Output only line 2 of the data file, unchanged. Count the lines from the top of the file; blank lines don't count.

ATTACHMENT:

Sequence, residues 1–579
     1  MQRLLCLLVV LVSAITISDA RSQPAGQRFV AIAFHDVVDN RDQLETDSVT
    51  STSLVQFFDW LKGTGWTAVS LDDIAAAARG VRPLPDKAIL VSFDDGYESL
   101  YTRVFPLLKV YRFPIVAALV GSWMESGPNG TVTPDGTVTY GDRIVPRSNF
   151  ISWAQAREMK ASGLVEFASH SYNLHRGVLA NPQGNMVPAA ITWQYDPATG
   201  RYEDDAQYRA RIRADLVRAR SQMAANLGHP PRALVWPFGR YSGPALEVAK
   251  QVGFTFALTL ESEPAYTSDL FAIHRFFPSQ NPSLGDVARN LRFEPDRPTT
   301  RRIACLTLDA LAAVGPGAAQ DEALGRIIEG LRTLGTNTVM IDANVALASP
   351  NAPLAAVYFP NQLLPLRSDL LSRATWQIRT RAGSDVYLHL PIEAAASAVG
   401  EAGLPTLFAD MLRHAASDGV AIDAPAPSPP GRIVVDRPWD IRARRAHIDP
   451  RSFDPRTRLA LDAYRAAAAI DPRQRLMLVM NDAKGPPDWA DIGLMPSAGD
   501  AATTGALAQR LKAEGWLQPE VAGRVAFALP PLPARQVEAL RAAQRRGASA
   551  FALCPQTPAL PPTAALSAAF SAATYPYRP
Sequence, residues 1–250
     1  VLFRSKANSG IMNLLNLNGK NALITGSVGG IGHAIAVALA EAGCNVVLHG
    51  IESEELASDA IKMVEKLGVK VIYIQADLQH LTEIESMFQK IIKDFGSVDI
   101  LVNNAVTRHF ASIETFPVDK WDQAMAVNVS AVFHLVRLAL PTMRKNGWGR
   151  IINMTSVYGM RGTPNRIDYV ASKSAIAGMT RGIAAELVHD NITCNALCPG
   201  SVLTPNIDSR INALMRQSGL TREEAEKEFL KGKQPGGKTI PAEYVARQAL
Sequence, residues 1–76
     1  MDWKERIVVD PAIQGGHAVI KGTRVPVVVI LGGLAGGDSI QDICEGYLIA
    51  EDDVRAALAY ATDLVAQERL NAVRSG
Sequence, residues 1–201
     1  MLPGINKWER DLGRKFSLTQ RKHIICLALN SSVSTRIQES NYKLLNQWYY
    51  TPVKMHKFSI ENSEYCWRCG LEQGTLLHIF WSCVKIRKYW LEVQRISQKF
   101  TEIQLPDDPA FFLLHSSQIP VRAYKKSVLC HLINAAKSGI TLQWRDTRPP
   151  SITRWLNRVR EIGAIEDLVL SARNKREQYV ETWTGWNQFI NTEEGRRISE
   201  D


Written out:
     1  MQRLLCLLVV LVSAITISDA RSQPAGQRFV AIAFHDVVDN RDQLETDSVT